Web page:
Tuesday, 30 April 2013

Nobel prize winners from India


Nobel Prize for Literature
Popularly known as Gurudev, India's most famous writer and poet was awarded the Nobel Prize in recognition of his work Geetanjali, a collection of poems, in 1913. Tagore was also involved in teaching. In 1901 he founded the famous Santiniketan which later came to be known as Vishwabharati University.

Nobel Prize for Physics
Born at Thiruvanaikkaval in Tamil Nadu, Raman studied at Presidency College, Madras. Later, he served as Professor of Physics at Calcutta University. C.V. Raman won the Nobel Prize for an important research in the field of optics (light). Raman had found that diffused light contained rays of other wavelengths-what is now popularly known as Raman Effect. His theory explains why the frequency of light passing through a transparent medium changes.

The Nobel Prize for Medicine
Dr. Khorana was born in Raipur, Punjab (now in Pakistan). He went abroad to get his doctorate in Chemistry and later settled there. It was his study of the human genetic code and the role it plays in protein synthesis that got him the Nobel Prize.
The Nobel Peace Prize
Mother Teresa was born Agnes Gonxha Bojaxhiu at Skopje, now in Yugoslavia. She wanted to become a nun and joined the Irish order of the Sisters of Loretto (at Dublin) in 1928. It is as a nun that Agnes came Calcutta in 1929. Here she was extremely touched by the misery of the poor and the sick. She decided to dedicate her life to serving them. She then founded a group of similar minded people called the Missionaries of Charity and set up Nirmal Hriday a center where she took care of the dying, the lepers and other people who had been left alone on the streets of Calcutta to die. Today her group has centers all over the world.

The Nobel Prize for Physics
Dr S. Chandrashekar, is an Indian-born astrophysicist (a branch of astronomy or the study of space). After studying at the Presidency College in Madras, Dr. Chandrashekhar went to the United States for work and settled there. He has written many books on his field Astrophysics and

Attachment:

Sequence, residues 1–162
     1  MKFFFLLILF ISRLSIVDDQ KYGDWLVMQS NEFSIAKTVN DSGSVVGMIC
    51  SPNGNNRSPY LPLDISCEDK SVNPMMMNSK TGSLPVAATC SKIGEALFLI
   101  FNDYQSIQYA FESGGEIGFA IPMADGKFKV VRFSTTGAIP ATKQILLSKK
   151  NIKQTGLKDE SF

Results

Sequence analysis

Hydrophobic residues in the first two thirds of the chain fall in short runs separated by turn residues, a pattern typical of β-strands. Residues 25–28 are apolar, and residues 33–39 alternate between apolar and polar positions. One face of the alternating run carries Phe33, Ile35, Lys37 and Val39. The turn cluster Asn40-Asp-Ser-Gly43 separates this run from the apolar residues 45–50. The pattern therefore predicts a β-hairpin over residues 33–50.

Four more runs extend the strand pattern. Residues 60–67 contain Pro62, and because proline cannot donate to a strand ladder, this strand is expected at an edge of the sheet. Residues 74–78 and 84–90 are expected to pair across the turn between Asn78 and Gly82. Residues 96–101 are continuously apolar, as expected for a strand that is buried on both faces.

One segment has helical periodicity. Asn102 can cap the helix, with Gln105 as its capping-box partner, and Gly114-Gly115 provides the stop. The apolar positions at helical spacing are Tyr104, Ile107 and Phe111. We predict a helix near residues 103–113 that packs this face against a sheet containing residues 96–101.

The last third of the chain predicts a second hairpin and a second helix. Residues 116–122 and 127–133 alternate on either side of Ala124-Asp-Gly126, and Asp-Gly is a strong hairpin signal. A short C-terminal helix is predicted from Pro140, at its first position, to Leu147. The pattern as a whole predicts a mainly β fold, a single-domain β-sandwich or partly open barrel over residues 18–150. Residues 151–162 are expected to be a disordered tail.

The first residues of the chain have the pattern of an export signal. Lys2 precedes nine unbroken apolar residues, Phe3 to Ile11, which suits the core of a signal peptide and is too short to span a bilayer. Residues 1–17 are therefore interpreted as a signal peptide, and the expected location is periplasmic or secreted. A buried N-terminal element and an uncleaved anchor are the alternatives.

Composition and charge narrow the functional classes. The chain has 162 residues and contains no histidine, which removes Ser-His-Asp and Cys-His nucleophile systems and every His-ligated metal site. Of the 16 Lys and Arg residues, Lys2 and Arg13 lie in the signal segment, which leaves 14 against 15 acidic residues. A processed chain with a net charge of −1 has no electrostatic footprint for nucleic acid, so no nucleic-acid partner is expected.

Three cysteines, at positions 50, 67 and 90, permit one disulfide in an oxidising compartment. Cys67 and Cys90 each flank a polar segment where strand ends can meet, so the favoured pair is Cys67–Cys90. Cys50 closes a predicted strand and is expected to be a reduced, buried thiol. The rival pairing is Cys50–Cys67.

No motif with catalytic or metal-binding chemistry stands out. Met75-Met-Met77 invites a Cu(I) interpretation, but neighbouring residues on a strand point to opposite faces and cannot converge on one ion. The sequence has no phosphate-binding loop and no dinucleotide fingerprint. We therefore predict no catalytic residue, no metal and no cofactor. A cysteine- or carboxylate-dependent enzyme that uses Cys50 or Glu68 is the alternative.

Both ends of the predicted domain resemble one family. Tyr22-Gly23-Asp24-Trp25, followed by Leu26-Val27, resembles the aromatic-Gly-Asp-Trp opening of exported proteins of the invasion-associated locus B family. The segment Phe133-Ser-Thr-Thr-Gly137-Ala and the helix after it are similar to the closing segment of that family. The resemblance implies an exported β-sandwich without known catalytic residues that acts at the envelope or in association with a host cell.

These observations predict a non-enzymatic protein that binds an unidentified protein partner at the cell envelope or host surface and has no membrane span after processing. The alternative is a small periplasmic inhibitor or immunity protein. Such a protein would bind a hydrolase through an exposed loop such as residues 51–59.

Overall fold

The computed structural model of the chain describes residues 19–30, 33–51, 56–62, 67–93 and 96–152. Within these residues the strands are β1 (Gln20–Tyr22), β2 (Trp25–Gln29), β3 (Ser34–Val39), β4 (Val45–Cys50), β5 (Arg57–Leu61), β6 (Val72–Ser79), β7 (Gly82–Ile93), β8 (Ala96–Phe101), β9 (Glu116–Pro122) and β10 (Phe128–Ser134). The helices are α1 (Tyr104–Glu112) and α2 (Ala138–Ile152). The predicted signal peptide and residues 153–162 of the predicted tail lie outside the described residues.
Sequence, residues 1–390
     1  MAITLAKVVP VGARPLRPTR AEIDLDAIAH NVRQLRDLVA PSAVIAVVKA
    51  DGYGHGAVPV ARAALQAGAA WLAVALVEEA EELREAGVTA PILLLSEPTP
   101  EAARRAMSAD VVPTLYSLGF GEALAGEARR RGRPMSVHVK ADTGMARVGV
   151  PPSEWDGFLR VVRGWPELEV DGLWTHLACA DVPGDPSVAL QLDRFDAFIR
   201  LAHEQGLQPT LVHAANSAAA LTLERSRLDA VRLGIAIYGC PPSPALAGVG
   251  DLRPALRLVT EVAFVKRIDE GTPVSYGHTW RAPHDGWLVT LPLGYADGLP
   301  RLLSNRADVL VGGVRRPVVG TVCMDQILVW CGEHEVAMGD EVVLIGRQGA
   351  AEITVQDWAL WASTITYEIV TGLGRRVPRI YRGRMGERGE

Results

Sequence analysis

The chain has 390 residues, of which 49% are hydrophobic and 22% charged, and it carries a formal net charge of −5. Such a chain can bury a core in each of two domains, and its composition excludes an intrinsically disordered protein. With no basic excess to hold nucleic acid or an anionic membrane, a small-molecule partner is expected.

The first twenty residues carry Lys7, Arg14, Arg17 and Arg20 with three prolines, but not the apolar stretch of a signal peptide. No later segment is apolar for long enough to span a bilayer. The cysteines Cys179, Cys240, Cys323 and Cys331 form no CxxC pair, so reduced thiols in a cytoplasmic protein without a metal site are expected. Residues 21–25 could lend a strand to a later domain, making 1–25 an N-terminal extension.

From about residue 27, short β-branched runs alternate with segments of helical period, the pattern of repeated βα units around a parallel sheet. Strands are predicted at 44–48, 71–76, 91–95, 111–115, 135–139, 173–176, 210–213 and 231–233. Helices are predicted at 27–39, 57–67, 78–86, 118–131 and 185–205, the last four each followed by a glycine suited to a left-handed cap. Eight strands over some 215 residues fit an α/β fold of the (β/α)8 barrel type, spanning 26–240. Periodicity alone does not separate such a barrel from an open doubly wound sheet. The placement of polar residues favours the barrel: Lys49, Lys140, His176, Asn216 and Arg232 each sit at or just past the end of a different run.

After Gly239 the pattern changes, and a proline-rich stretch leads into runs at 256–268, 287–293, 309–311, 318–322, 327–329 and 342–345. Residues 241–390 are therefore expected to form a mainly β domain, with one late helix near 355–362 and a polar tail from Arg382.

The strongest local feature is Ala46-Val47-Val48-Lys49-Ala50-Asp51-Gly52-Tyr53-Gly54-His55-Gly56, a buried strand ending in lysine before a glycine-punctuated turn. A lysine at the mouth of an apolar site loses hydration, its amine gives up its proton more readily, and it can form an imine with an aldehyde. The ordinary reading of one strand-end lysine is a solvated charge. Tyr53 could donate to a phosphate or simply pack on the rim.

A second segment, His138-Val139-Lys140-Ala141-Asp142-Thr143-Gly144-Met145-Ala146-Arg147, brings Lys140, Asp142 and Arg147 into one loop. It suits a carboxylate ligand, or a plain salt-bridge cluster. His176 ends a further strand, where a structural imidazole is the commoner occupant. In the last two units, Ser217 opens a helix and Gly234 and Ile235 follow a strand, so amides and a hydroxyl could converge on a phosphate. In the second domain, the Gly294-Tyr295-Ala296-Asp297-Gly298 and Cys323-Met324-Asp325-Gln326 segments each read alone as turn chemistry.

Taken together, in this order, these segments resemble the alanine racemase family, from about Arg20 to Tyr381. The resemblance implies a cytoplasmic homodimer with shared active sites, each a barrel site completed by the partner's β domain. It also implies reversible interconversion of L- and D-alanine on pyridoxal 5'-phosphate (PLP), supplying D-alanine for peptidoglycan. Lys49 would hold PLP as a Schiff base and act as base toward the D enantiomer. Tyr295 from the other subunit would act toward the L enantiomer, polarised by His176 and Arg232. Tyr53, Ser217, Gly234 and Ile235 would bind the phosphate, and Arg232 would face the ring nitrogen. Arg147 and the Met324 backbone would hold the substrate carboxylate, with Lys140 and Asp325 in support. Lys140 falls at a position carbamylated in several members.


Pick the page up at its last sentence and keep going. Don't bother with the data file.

Stellar Dynamics. He developed a theory on white dwarf stars forecasts the limit of mass that dwarf stars can have. This limit is known as the Chandrashekar Limit. His theory also explains the final stages of the evolution of stars.

Nobel Prize for Economics
Prof. Amartya Sen is the first Asian to win the Economics Nobel. He is one of the most respected economics thinker in the world. He is also an excellent teacher. He won the Nobel for his work in the area of economic theory. Some of his most important work is in the areas of poverty, democracy, development and social welfare.
Rudyard Kipling (Literature 1907)
Ronald Ross (Medicine 1902)

Nobel Prize for Chemistry
Professor Venkatraman Ramakrishnan who won the 2009 Nobel Prize recently after Sir C V Raman (Physics, 1983) Har Gobind Khorana, (Medicine, 1968) and Subramaniam Chandrashekhar (Physics, 1983)respectively. His passion for science and research has been so consuming that he gladly took a massive pay cut to move from the all-paid-for lab at the University of Utah to comparatively tiny quarters at the MRC Laboratory of Molecular Biology in Cambridge, England ,simply so he could pursue his dream.
He was born in Chidambaram, Tamil Nadu, to scientist parents C B Ramakrishnan and Rajalakshmi, 'Venki' moved to the United States in the early 1970s to earn a PhD in physics. Since then the scientist, who is a United States citizen, has in a career studded with high honours pushed the frontiers of knowledge back with an almost messianic zeal.

V.S. Naipaul - Nobel Prize for Literature (2001)

He was awarded the Nobel Prize for Literature in 2001. Born to Indian parents in 1932 in Trinidad & Tobago.Naipaul was recognized for his extensive works in English Literature. He is well known not only for his indomitable command over the use of the English Language but also for his vivid and descriptive stories.

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